The sample included patients taking MMT in the selected sites. The eligibility criteria included (1) taking or initiating MMT in the selected sites, (2) presenting at the clinics during the study period, (3) being 18 years old or above, (4) having the capacity to answer the questionnaire, and (5) agreeing to participate. We approached all patients who were at the clinics and introduced the study. Those who met the eligibility criteria were invited to enroll and gave written informed consent if they agreed to participate upon the understanding of the study’s purposes. Interviews were administered in a private room. The patients did not receive any compensation given that the medication was provided free of charge. A convenient sample of 241 patients was recruited in the study. The response rate was 80–90% across the two sites.
Measurements and instruments
Face-to-face interviews were conducted by well-trained interviewers including health staffs working at the Center for Preventive Medicine, Tuyen Quang Province, and master’s students of public health at Hanoi Medical University.
Socioeconomic characteristics included age, gender, education level, marital status, employment status, ethnicity, religion, and household monthly income. Household monthly spending was measured with two elements: recurring/regular expenditure (namely food, clothes, rent, utility, education) in the last 30 days and non-recurring/irregular expenditure (e.g., health care, furniture, occasions, travel, construction) in the last 12 months [21, 22].
Health-related quality of life (HRQOL) was measured by using the EuroQol-five dimensions-five levels (EQ-5D-5L) instrument. The instrument comprises five domains: mobility, self-care, usual activities, pain/discomfort, and anxiety/depression, with five levels of response: no problems, slight problems, moderate problems, severe problems, and extreme problems. To compute those indexes, we employed the interim scoring for EQ-5D-5L from the cross-walk value set of Thailand due to the unavailability of the Vietnamese population’s preference [23, 24]. The Vietnamese version of EQ-5D-5L was translated and adopted as well as validated elsewhere [24, 25]. Furthermore, we also asked the patients about HIV status and acute and chronic illness.
Illicit drug use and rehabilitation
We collected the following information on the history of drug abuse and current drug abuse.
We referred to the Substance Abuse Self-Stigma Scale by Luoma et al. and measures of HIV-related stigma . In addition, we adapted the conceptual framework by Parker and Aggleton to construct the measure of drug addiction-related stigma among MMT patients . We then piloted the measures in drug users and people living with HIV/AIDS. The final measure of stigma included five dimensions: (1) blame/judgment, (2) shame, (3) discrimination in various settings (workplace, health care services, family, and community), (4) disclosure of addiction or health status (including HIV-positive if seropositive), and (5) others’ fear of HIV transmission among those patients who self-reported being HIV-positive . The respondents were asked if they had experienced any of the above types of stigma within the last month with the response options ranging from 0 to 10 points, indicating “never experience” and “always experience,” respectively. We divided the score into three levels: 0 indicates “never experience,” 1 to 9 suggests “experience,” and 10 indicates “always experience.” The following are examples of the items included:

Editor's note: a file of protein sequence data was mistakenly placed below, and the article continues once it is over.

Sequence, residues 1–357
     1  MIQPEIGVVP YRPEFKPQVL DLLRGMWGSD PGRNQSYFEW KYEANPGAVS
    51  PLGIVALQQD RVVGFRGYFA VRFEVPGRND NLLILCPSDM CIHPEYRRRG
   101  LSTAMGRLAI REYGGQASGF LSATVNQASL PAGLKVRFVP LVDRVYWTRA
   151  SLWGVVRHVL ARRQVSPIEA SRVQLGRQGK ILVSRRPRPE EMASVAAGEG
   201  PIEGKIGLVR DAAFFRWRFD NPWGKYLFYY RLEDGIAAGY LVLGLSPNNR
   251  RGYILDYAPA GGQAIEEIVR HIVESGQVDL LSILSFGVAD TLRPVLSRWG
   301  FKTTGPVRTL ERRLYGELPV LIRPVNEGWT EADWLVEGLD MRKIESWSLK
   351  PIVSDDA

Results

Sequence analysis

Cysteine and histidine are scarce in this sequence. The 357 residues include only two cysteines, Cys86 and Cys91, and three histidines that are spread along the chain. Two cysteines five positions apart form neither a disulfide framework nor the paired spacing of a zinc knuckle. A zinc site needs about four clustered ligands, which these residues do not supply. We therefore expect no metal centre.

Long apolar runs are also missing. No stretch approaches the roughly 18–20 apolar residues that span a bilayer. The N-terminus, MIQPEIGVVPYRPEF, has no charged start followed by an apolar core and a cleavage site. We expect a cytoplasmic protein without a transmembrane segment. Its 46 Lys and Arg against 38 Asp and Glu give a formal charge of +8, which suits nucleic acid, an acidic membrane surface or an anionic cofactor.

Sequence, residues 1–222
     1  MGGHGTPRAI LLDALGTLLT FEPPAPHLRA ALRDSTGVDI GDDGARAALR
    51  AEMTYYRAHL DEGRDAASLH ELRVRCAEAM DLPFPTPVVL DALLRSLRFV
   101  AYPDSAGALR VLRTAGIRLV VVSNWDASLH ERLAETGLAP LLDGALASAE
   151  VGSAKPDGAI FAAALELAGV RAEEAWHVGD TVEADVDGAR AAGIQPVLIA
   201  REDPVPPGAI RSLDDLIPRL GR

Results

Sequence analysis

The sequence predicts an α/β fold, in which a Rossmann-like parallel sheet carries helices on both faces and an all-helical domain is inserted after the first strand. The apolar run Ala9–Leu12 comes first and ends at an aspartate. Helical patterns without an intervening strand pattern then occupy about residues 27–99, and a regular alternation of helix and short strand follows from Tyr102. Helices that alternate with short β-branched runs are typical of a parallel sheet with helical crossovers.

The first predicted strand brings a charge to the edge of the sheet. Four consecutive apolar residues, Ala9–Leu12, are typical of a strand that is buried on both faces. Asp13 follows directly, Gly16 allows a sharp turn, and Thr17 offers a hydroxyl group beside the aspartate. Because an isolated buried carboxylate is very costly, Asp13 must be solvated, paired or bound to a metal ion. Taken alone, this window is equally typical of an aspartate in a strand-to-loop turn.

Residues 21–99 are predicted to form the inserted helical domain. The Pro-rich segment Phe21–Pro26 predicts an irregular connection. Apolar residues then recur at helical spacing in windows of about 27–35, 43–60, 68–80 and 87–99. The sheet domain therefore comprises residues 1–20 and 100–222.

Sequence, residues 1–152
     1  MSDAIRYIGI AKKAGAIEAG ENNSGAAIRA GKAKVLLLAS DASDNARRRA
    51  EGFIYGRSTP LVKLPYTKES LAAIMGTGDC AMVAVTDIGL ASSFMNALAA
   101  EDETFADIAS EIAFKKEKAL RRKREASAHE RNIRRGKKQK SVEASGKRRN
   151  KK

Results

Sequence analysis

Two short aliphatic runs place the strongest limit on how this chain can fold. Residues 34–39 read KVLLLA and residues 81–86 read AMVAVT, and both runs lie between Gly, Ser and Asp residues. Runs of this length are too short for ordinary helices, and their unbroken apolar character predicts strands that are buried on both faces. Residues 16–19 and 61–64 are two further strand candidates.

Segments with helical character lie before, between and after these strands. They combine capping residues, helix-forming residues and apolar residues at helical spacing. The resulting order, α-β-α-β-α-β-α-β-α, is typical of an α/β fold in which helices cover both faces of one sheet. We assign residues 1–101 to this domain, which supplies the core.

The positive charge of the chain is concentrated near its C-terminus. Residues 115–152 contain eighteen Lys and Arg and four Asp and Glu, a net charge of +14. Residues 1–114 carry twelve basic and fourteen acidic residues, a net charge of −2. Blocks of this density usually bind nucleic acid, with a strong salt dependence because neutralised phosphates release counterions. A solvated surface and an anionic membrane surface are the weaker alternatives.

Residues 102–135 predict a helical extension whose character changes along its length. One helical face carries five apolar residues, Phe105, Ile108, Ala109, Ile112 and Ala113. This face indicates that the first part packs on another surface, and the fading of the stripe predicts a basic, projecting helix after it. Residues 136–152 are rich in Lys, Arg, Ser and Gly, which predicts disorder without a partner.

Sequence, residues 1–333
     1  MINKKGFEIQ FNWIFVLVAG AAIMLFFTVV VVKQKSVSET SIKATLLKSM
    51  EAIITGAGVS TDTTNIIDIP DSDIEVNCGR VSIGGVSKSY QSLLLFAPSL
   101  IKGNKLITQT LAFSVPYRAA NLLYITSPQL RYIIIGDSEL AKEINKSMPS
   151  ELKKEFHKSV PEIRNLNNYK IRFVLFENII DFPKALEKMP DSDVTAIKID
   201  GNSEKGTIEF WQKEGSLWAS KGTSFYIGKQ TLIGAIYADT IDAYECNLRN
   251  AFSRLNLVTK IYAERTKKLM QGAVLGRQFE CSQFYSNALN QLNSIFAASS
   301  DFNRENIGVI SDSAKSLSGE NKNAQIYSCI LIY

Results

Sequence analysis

Have you recently been blamed or criticized because of your health status and drug use behaviors?
Do you currently feel shame because of your health status and drug use behaviors?
Have you felt discriminated against or treated badly by others? In which circumstances (workplace/all health facilities/family/community/others)?
Have you ever disclosed your health status and drug use behaviors with others? With whom did you share?
(For HIV positives) Has anyone expressed fear of contracting HIV from casual contacts with you?
Data was analyzed by using STATA software version 12.0 (StataCorp LP, College Station, TX, USA). The Mann-Whitney and chi-squared tests were employed to measure the difference in levels of discrimination/stigma between the two study sites. A p value <0.05 was considered statistically significant. In this study, a stepwise backward selection strategy was applied along with multivariate Tobit regression to have reduced models. This strategy uses a threshold with the log-likelihood ratio test to have predictors with p values <0.2 included.
Table 1 provides the demographic information of the respondents. In total, 241 patients participated in this study; 167 patients were receiving MMT in Tuyen Quang, and 74 patients were receiving MMT in Son Duong. The most common ethnic group was Kinh (92.2%). The mean age was 40.4 years (SD = 7.49). The majority lived with a spouse or partner (62.3%). The percentage of patients who were self-employed was 47.5% and only 6.4% was unemployed.